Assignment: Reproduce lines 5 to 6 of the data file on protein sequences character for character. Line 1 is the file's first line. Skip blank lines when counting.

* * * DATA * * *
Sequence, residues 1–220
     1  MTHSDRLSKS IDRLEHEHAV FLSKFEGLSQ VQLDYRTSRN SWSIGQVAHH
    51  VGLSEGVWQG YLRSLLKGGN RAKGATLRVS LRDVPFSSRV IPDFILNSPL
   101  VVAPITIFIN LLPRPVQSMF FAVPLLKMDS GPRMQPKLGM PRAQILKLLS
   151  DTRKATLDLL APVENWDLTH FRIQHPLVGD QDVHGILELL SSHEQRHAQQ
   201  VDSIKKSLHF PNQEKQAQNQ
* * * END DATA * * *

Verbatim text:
   151  DTRKATLDLL APVENWDLTH FRIQHPLVGD QDVHGILELL SSHEQRHAQQ
   201  VDSIKKSLHF PNQEKQAQNQ